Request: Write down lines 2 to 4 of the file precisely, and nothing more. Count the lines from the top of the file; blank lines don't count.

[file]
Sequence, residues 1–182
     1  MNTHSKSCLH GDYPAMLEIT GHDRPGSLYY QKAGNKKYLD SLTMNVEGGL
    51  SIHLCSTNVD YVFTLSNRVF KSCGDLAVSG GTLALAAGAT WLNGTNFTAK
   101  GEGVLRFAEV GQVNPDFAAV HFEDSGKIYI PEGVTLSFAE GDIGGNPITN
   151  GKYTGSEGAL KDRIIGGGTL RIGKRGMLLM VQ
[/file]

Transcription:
     1  MNTHSKSCLH GDYPAMLEIT GHDRPGSLYY QKAGNKKYLD SLTMNVEGGL
    51  SIHLCSTNVD YVFTLSNRVF KSCGDLAVSG GTLALAAGAT WLNGTNFTAK
   101  GEGVLRFAEV GQVNPDFAAV HFEDSGKIYI PEGVTLSFAE GDIGGNPITN